Indiana Basketball does not need to figure out how to compete with Duke and Kentucky – it needs to find a way to catch up with Purdue.
For an Indiana guy, that was hard to write, but it’s true.
Purdue has gone to the NCAA Tournament five years in a row, 11 of the last 13 seasons, and over the last four seasons has been a 5, 4, 2, and 3 seed. The Boilermakers record in Big 10 play over the last five years is 69-23 – that’s a winning percentage of .750.
Do I really need to drudge through IU’s recent past – and not so recent past – to paint a picture of how this former blue blood is not even a gold and black blood anymore? Alright. In the spirit of being complete, here you go.
IU is 48-44 during that five-year stretch with two NCAA Tournament bids.
Purdue’s success came because Matt Painter figured out that culture is a big deal. He pivoted a bit toward additional athleticism and length in 2012, and the result was disastrous. When he returned to a recruiting filter that valued toughness, the Boilers bounced back.
Indiana has been struck in a purgatory of recruiting the most talented players – rather than finding “Indiana” players. When you walk into a summer tournament, you see kids who look like fits at Duke, Kentucky, Butler, Michigan State, Purdue, and many other programs that have adopted a specific culture.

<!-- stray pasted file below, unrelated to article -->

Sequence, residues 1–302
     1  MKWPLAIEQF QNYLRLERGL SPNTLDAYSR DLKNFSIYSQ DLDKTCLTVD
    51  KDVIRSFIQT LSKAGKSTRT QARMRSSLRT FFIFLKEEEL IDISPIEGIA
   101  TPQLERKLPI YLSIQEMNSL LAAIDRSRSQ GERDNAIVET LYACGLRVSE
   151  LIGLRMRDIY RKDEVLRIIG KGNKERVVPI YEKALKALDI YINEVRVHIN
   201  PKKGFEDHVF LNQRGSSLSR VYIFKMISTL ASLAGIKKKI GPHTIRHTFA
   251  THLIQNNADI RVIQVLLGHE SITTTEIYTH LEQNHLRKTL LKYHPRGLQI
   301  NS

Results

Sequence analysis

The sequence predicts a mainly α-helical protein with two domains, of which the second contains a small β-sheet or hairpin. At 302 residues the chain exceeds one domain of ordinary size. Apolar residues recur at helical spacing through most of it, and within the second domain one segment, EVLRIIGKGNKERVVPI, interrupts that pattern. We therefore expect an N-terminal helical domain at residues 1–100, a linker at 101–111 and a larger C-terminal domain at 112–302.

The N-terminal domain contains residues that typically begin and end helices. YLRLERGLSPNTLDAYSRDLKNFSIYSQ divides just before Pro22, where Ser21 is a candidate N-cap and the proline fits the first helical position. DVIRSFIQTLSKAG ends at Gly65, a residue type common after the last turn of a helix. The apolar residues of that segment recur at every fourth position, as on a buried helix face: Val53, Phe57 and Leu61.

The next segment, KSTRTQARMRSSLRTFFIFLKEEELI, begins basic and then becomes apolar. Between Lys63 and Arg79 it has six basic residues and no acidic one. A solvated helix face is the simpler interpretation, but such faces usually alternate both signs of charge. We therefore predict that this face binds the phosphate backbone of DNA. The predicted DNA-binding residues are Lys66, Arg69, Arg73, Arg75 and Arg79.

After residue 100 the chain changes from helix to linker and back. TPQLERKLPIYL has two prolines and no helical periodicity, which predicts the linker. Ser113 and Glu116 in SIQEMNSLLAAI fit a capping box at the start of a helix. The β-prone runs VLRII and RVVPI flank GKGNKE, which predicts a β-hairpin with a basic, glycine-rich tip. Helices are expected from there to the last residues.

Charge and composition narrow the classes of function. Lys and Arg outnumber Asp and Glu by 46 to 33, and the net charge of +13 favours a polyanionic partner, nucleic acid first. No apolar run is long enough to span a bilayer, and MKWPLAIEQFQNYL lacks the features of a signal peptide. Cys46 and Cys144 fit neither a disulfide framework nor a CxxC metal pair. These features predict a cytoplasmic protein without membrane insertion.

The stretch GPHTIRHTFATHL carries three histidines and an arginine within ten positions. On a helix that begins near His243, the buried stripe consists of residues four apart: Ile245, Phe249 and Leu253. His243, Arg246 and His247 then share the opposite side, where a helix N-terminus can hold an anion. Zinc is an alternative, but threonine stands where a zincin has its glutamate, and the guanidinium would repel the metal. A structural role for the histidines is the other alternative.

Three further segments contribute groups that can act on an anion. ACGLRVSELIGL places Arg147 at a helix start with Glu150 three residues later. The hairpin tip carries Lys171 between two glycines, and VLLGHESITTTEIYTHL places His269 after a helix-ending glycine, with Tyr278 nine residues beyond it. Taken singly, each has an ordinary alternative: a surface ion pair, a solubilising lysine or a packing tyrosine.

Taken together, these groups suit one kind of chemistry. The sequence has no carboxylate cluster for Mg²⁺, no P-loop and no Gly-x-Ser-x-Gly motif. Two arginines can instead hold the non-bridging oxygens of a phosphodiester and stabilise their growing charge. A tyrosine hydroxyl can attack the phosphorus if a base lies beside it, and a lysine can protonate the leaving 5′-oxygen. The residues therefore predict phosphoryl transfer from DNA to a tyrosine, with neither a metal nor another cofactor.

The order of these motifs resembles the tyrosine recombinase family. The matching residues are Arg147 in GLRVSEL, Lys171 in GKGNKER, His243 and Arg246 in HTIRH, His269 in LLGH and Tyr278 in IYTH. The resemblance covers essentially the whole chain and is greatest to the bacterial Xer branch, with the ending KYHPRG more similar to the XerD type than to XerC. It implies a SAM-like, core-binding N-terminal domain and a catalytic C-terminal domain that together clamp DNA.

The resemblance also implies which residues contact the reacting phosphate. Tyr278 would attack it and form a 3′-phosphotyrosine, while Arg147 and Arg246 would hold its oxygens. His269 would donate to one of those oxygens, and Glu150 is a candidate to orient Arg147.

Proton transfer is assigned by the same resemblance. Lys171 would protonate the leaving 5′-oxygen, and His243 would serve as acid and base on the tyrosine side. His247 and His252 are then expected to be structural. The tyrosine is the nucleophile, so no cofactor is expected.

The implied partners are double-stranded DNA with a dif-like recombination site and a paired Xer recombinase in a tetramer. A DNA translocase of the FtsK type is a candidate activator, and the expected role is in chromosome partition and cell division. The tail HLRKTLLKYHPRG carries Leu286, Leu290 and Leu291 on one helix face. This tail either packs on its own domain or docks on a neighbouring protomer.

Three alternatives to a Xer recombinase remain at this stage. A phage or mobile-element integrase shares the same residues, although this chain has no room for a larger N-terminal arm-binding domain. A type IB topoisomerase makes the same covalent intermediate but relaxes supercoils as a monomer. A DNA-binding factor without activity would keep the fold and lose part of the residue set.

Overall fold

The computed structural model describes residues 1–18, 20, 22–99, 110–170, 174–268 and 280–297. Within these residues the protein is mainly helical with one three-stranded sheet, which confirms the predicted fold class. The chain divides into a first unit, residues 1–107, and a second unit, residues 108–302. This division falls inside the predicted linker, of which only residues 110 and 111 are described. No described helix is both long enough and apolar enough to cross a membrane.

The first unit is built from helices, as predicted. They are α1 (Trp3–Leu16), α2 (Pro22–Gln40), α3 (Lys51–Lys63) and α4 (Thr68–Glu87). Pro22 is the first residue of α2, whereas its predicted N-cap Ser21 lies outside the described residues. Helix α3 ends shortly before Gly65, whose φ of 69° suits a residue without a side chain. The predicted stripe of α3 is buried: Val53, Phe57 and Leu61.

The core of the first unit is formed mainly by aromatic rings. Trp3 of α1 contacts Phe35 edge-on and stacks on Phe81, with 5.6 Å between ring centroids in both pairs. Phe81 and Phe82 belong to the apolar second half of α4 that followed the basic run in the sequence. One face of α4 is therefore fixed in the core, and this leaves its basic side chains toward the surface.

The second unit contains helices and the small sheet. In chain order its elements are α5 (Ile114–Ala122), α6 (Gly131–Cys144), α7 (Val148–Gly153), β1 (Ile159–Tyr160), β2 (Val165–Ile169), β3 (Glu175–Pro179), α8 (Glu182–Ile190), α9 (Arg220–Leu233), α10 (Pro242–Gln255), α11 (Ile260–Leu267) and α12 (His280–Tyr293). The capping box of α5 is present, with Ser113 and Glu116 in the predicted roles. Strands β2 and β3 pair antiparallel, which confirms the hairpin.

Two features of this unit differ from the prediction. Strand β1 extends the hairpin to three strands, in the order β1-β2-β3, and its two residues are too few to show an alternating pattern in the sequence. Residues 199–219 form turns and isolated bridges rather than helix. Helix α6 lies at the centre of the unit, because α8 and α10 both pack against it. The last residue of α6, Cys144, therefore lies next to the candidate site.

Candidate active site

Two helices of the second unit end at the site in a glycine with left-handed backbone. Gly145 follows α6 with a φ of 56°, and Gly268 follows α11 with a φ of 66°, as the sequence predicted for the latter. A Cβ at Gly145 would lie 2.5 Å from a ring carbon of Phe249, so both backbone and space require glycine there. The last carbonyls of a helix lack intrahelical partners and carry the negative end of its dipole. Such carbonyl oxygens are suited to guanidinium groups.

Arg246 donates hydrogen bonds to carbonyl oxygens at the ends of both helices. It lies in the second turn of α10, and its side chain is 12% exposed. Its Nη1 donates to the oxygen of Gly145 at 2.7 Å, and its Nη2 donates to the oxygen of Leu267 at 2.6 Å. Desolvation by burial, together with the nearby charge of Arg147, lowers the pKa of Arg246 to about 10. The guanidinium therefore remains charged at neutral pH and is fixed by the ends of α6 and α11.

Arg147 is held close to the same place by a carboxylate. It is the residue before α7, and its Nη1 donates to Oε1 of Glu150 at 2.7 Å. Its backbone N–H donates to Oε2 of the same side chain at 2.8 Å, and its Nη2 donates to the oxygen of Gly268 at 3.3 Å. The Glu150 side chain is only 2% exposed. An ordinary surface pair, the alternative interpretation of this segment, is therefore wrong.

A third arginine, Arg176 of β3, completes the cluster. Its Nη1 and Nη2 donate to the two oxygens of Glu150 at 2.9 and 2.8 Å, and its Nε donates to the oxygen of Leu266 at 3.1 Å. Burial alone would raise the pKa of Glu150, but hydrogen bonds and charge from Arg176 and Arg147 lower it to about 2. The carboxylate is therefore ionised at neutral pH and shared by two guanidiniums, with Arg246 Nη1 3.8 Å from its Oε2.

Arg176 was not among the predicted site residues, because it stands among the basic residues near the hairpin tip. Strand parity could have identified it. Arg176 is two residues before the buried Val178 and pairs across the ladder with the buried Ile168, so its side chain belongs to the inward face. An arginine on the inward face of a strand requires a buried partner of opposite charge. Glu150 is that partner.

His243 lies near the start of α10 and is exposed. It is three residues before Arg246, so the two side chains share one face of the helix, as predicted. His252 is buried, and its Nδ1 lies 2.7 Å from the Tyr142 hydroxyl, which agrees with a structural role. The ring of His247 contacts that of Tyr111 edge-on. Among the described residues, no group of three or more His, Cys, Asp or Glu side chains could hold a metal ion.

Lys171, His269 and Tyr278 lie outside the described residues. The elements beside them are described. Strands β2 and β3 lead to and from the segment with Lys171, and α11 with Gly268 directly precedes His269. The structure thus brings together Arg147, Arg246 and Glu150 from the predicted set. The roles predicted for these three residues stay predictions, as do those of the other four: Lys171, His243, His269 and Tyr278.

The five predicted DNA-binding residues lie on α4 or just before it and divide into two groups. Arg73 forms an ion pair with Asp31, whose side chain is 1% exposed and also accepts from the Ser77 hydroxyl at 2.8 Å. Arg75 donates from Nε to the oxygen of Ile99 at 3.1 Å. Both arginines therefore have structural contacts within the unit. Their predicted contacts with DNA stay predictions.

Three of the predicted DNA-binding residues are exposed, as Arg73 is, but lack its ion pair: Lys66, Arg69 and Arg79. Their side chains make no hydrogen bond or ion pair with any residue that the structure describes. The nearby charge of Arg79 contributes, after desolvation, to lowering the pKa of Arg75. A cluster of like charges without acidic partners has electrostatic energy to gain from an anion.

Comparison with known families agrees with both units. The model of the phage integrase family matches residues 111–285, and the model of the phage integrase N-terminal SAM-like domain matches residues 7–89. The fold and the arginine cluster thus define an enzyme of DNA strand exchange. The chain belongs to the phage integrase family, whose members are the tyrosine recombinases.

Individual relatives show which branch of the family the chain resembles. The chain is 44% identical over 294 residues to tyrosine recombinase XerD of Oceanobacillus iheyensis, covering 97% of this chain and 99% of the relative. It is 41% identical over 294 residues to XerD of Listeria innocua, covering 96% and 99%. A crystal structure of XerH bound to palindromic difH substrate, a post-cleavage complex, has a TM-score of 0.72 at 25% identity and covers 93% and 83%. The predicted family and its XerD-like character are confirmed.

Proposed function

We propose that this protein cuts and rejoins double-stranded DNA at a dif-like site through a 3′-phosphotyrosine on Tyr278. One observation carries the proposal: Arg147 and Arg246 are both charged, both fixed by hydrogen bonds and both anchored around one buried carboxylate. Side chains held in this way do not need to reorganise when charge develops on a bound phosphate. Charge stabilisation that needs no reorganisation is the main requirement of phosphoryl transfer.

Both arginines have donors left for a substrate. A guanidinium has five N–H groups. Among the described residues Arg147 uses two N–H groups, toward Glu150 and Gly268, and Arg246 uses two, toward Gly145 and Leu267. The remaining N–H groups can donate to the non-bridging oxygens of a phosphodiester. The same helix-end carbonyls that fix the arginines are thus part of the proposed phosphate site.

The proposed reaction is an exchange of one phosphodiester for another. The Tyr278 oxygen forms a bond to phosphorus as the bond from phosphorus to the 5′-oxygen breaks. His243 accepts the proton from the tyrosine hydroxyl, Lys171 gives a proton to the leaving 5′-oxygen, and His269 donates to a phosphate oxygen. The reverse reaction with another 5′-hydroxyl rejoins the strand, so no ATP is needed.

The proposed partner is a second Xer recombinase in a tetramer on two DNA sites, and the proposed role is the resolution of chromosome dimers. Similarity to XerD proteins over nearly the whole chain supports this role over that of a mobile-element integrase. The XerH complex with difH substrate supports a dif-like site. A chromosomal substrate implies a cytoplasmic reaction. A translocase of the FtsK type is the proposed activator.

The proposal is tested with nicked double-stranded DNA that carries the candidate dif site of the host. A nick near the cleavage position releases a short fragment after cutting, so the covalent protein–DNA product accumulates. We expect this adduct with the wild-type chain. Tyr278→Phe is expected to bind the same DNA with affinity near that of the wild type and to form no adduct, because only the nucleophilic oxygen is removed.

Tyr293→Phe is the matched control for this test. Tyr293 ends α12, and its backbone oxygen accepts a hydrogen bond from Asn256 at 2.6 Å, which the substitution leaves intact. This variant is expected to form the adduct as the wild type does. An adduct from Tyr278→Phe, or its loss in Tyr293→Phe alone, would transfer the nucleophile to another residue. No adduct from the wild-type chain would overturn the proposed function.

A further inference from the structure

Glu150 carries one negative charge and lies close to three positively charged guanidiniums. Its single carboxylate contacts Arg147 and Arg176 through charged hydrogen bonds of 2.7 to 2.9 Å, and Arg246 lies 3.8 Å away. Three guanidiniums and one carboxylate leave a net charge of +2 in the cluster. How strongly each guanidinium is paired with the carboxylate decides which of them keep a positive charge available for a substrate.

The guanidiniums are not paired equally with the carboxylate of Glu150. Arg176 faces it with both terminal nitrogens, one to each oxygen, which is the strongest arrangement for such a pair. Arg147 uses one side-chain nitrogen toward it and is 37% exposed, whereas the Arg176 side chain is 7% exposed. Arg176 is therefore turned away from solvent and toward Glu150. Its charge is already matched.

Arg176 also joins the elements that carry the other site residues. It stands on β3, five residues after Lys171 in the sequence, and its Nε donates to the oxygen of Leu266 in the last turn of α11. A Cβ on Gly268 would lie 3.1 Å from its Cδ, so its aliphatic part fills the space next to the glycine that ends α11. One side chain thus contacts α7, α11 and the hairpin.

I’ve been to dozens of these events, and I have never looked at a player and thought, “Now there is a Hoosier!” Indiana needs to get there, and fans need to embrace it.
Five-star players are not always the key to success. Michigan under John Beilein has enrolled exactly one five-star recruit in the last 10 classes – Glenn Robinson. All they have done is win. Well, except for an 8-10 Big 10 record in 2014-2015, but the Wolverines have played in two National Championship games over the last six tourneys.
Beilein’s average ranking for his last 10 recruiting classes is 36th.
Conversely, Indiana’s recruiting classes have an average ranking of #27, and Tom Crean and Archie Miller have combined to land seven five-star recruits.
Let’s go back to Purdue for a second. Painter has landed one recruit ranking in the top 60 of his class during the last 10 classes (five-star Caleb Swanigan). Several years Painter didn’t get a bite from anyone in the top 100.
The point of all this is for fans to take a deep breath about the commitments of five-star recruits like Keion Brooks. Twitter was filled with angst Friday night when Brooks announced he was headed to Kentucky instead of Indiana.
I’m not saying that avoiding five-star level guys is a strategy for success – just that acquiring them does not put Indiana – or anyone else – on a sure path for success.
When will Indiana fans learn the lesson that talent isn’t enough? And when will the culture Miller is trying to develop show itself on Branch McCracken Court at Simon Skjodt Assembly Hall?
It’s about culture, dummies!
Painter figured that out six years ago, and the sad truth is that Indiana longs to be where the Boilermakers are today.